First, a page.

This tiny solar-powered factory cleans up dirty water
The world’s first completely solar-powered beverage micro-factory started its journey in the spring of 2020, when Swedish startup Wayout International waved its container-sized machine goodbye from the port of Norrköping, south of Stockholm.
With shipping options already radically reduced by Covid-19, the micro-factory set out across the Baltic, Atlantic and Mediterranean seas, via the Suez Canal, stopping by Saudi Arabia, India and Sri Lanka, landing at last in Dar es Salaam, Tanzania. From there, it went by truck through the developing rural landscape, over the Ngorongoro crater wall at 2,640 metres above sea level, across the great Namiri plains and up to the Mara river. It’s a big change of scene from a noisy industrial site in Sweden to a peaceful eco-tourism camp in northern Serengeti.
It had taken Wayout 18 months to go from idea to complete product. The result is a module that converts sunshine and local groundwater into pristine, potable water – and which can also produce premium craft beer and soft drinks. A single module puts out 150,000 litres of clean, remineralised water per month and lets whoever operates it serve up to eight different types of drinks through the integrated tap station. The micro-famicro-factoryctory is offered for lease and the fully automated beverage production is done via a desktop app letting the local operator – and Wayout, in Stockholm – monitor and control the process remotely. The system in the Serengeti is powered through a 110 kWp solar field with the energy stored in 2,000Ah OPzS batteries.
In the Serengeti, water is abundant, but not fit for drinking. The natural mineral content is extreme, making it corrosive to teeth and internal organs, and the unique ecosystem – including the famous “great migration” of wildebeest – makes the living soil busy with bacterial processes. That is why the micro-factory takes its source water from a local groundwater bore hole and filters it through an advanced integrated treatment system that removes all impurities before remineralising it for optimal taste and quality.
“It started out as a fun project between friends, at a moment when craft beer and micro-brewing was a thing,” says Martin Renck, one of Wayout’s three founders. The first system was developed to be used in the hospitality industry and by major breweries and beverage brands that seek to produce locally and sustainably. As the trio started pitching the concept to prospective clients, they hadn’t realised how urgent the issue of water purification was. “When we listened to the feedback we got – not just in Africa but from all around the warm regions of the planet – it became clear that it was the mineral water that was the really remarkable thing. We realised we not only had a commercial opportunity, but also a greater mission to take on,” Renck says.
Touching down on the red dirt track at the Kogatende Airstrip in Northern Serengeti, the infrastructural challenges of the region become instantly clear. Here, the dynamics of the natural world still rule; scorching days followed by chilly nights, dry seasons followed by torrential rains, wildebeest and zebras followed by big cats and hyenas, with termites, boomslangs, hyraxes, aardvarks and pangolins filling the gaps. Roads and rivers meander with the seasons. Man-made structures morph and merge with biomass. Good quality drinking water may be as far away as a few days by four-wheel drive, and the distribution logistics leave scars in the sensitive biotope. The effects of the Wayout micro-factory in this location have been profound.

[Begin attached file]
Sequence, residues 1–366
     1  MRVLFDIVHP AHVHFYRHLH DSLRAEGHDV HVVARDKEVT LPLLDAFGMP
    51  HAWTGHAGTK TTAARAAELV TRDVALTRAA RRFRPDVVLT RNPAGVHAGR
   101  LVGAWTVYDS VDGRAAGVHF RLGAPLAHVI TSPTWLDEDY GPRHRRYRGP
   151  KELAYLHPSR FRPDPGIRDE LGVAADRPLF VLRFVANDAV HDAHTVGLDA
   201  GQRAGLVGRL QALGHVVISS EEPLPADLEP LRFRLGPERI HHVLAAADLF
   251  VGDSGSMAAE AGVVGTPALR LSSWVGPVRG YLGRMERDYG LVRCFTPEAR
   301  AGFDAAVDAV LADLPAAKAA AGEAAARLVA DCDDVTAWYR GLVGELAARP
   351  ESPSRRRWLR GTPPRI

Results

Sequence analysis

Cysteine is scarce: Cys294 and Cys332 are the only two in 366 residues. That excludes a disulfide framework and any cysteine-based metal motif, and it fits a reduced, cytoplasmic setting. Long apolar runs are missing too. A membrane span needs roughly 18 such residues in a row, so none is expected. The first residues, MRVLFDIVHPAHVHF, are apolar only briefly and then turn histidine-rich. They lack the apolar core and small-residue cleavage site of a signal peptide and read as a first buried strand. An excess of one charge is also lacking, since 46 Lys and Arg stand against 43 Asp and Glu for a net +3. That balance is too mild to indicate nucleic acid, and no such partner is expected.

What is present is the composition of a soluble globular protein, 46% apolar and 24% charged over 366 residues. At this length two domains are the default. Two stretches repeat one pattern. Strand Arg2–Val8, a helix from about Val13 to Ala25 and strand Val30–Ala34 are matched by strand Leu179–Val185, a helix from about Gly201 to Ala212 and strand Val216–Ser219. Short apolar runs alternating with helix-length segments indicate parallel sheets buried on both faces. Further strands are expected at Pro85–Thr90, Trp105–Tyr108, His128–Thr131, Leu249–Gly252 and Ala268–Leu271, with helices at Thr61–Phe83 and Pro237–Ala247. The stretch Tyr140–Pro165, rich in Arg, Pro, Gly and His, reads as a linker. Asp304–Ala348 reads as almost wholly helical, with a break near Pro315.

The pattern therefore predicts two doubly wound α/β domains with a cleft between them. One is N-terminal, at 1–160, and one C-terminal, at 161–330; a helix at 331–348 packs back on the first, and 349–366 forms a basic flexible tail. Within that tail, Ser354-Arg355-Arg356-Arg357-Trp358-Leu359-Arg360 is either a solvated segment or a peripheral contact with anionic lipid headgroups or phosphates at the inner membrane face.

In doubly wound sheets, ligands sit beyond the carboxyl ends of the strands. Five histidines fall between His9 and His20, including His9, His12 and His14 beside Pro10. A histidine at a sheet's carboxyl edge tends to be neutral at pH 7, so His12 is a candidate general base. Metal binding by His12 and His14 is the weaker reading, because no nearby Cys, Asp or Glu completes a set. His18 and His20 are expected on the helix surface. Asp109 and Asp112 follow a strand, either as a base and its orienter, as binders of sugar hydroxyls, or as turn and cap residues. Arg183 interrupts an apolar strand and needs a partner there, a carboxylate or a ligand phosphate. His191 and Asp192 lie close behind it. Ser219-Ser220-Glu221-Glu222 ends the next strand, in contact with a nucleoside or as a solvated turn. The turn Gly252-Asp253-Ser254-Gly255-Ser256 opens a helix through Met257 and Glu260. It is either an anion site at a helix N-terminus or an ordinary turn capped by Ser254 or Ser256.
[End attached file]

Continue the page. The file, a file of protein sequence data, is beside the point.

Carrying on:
In situ, at the safari operator Asilia’s Sayari Camp, this circular system has eliminated single-use plastic bottles by nearly 18,000 units per year, not only for the camp guests but also for the operating staff and the park rangers in the region. Together with the safari camp operators, the rangers are what protects the national park by maintaining fire breaks, educating locals on the economic upsides of a healthy ecosystem, deterring and removing poachers, and protecting wildlife and people from each other when needed. Easy access to eco-friendly safe drinking water lets the rangers focus on their mission and ultimately improve the experience for the close to 150,000 yearly eco-tourists to the region.
Through the localised production of beverages, Sayari Camp further reduces their environmental impact by avoiding unnecessary waste management and routine long-distance trips. In addition to obvious health benefits, the unlimited supply of safe drinking water also frees up time and resources for families, advancing educational and economic prospects that support long-term development. And the effects have exceeded expectations. “In this location, the transition to a circular and eco-friendly economy in and around the Sayari Camp was more or less instant, which really should make us all think: if this can be done in the far-out region of Northern Serengeti, couldn’t it then be done anywhere?” Renck asks.
Renck says that the pandemic has boosted the interest in their innovation. The company is currently busy finalising its second concept: a “water-as-a-service” offer aimed at regions and nations with greater need for desalination and safe drinking water. One such project is slated for roll-out in early 2022 in a large island nation. By producing drinking water through distributed desalination, the cascade effects of the infrastructure system could help replenish the island’s water table, restore local farming and revitalise important parts of the island’s economy.
“One of the things we as humanity learned from this pandemic is that we can no longer rely on global value chains,” Renck says. “A transition to local and sustainable production of food and beverages [could help] humanity greenwash – in the genuine, positive sense of the word – civilisation.”
Source WiredApril 19, 2022